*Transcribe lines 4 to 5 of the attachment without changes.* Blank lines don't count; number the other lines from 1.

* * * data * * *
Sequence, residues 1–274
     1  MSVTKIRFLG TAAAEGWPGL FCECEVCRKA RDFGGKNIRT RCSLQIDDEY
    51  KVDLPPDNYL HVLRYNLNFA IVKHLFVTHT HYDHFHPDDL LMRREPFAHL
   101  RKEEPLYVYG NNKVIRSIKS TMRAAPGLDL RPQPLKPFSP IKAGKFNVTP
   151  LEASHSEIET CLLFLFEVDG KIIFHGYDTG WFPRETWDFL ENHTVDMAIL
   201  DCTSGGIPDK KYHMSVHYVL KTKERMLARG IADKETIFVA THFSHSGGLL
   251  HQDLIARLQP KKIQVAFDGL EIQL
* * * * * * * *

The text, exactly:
   101  RKEEPLYVYG NNKVIRSIKS TMRAAPGLDL RPQPLKPFSP IKAGKFNVTP
   151  LEASHSEIET CLLFLFEVDG KIIFHGYDTG WFPRETWDFL ENHTVDMAIL